Thursday, July 17, 2014

Ataxia and the Ravine of Lost Dreams by Rachel Bernard

Ataxia and the Ravine of Lost Dreams
Author:  Rachel Bernard
Publisher:  Self-Published
Pages: 280
Release Date: March 25th, 2014
Source: Received from the author in exchange for
an honest review

As the U.S. government prepares to take over the world, MC infiltrates one of their elite academies that trains future leaders. MC must rise to the top in the Cube training grounds in order to be placed high up within the government so she can stop them in their takeover. It is not until her fourth and final year at the academy that her top-student status is threatened by the sudden arrival of Li, the new transfer student. MC is completely focused on her self-created mission until she gets sidetracked by Li, who might be bad news in more ways than which she bargained.

Ataxia is a book set in a dystopian future, at a school complete with it's own style of high-tech dodge-ball, as well as the usual school drama and romance. While stories like this usually appeal to me, sadly, this book didn't win me over. The writing style just wasn't my cup of tea, and at the end, I still wasn't entirely sure who was on whose side. Overall, it felt rushed, and made me wish I was beta reading instead of actually reviewing it. 

One of the biggest problems was the confusing story line. We really don't get an introduction into this world, and I honestly don't know who MC is or why I should care about her. We start out with her maintaining distance from other students, then time jumps forward and they're suddenly friends. While some of this gets explained a bit, I don't feel it was really addressed in a way that felt clear to the reader. 

The overall plot was just really rocky, especially with the government and Ataxia stuff. I felt like a bit more time could be spent actually shaping the world beyond the school. Yeah, there was some government overthrow and mention of dark ages, but it didn't feel fleshed out to me. As it was, lots of things felt like they even contradicted. It felt like the author was trying to plant an "aha!" moment, but it never really got that punch for me. I'm still not sure who is on the same side. For awhile it almost seemed like there were three of them, then there were two, and then I was just confused. 

Then there are the minor plot lines: MC wants to be the top of her class, and has to study for the fate of the world (or something dramatic like that). There are tons of scenes fighting in the Cube, their school arena area, and she is trying and failing not to fall in love with Li, the mysterious new student. I get that it's YA and it's may appeal more to a younger age range, but good YA to me still has heart. I couldn't feel anything for these characters, because I knew nothing about them. Where did they come from, how did they get there, why does being there mattered, what made them be friends. One of the main group, Arrow, is described the whole book as looking clueless and being a lovesick puppy. That just feels like a cop out to me, personally. The vibe I got from this book is MC thinks she's surrounded by idiots. Oh, they're the best of the best intellectually, but they're idiots as far as other things go. I wanted to like them, but MC's attitude sort of got in the way.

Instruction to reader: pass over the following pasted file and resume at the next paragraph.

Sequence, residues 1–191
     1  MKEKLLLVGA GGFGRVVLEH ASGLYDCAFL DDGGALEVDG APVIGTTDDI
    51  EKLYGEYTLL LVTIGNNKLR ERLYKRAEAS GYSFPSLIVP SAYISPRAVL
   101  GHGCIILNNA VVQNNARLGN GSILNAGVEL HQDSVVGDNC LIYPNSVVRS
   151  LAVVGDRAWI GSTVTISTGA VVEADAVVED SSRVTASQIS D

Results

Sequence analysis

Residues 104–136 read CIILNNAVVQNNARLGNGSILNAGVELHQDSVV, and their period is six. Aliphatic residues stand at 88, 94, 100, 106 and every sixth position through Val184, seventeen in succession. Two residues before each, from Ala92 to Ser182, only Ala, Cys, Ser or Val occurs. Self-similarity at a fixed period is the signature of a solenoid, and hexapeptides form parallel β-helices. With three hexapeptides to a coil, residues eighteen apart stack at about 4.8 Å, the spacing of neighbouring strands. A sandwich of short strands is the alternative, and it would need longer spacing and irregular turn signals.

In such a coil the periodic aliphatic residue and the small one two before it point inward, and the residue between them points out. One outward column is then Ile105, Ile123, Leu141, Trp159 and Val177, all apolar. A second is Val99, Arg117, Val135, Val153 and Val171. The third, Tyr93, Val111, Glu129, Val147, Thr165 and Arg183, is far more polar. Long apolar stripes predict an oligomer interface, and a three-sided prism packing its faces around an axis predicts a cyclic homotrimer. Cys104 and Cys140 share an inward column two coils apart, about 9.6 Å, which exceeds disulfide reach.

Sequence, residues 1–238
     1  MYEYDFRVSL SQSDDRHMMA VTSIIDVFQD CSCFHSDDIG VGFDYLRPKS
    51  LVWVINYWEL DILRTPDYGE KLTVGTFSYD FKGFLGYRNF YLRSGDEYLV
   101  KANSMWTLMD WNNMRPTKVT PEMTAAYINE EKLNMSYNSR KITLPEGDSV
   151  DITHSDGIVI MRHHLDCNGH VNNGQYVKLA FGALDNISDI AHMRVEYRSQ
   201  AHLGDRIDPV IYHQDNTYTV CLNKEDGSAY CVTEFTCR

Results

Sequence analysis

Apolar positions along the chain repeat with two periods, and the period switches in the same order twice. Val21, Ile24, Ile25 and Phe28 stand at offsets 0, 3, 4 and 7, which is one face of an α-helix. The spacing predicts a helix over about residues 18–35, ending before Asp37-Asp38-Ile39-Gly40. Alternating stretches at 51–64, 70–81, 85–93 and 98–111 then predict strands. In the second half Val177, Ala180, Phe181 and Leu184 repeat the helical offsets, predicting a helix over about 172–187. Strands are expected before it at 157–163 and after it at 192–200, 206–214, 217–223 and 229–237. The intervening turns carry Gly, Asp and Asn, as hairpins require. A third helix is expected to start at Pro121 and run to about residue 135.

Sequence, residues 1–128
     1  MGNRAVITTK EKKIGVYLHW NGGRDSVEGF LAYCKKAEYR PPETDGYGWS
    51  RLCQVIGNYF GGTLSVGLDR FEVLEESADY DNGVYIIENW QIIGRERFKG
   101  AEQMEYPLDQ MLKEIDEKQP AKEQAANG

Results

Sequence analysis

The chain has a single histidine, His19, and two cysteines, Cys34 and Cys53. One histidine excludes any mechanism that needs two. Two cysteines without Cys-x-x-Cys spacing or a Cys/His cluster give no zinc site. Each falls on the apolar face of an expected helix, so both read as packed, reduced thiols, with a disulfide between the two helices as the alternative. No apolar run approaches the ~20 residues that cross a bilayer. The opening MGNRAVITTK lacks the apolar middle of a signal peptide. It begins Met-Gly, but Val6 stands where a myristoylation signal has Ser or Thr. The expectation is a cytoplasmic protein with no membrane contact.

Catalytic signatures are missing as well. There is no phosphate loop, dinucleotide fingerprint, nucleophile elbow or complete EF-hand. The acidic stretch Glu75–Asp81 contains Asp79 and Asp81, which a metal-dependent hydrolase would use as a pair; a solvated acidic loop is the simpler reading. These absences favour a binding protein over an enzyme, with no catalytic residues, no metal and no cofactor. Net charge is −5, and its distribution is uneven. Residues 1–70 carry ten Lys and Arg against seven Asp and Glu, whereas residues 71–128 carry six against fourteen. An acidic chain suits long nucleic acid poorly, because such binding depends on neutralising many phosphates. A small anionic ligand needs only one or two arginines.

From the beginning, the writing style also felt really disjointed. Within the first few pages, it was difficult for me to read stylistically, with the rough transitions and the repetition of words. For example, within the same paragraph: "I ended up in the basement, a tacky dark-lit jumble of furniture [...] I did not know a basement that could have it's own basement. [...] The basement was a place I had not been before [...] Since I had not been to this basement." Context editing here would have really helped especially in areas like that. Other elements of the story just dragged after awhile. Personally, I didn't need to know what they were eating at every meal, and what color every outfit was in the cube, especially when I'm not sure I ever learned what some of the characters looked like. What are their hair colors? I honestly don't think I could tell you. 

There were some elements here that seemed promising. The cube itself was fun, and the fireball things were different; the future seemed different than ones I've heard of in other books, but a lot of it felt a little hand waved. Maybe a younger reader would enjoy this because they aren't going to question the plot as much. For me, it just fell short, and needs some refining to add up to the other books I've read in this genre.

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